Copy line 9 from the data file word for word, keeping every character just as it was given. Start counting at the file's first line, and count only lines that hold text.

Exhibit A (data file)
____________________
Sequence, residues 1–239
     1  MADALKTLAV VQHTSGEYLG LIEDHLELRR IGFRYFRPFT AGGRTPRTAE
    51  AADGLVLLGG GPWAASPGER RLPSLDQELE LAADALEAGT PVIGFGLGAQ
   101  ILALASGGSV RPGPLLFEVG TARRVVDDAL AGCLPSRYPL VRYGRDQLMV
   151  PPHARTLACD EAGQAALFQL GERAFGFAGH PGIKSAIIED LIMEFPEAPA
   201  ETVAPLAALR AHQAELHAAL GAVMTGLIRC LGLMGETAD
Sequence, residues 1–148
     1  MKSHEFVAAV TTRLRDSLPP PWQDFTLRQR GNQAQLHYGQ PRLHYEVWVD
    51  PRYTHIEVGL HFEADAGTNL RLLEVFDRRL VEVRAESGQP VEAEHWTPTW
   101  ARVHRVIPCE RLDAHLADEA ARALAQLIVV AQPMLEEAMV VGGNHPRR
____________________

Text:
    51  PRYTHIEVGL HFEADAGTNL RLLEVFDRRL VEVRAESGQP VEAEHWTPTW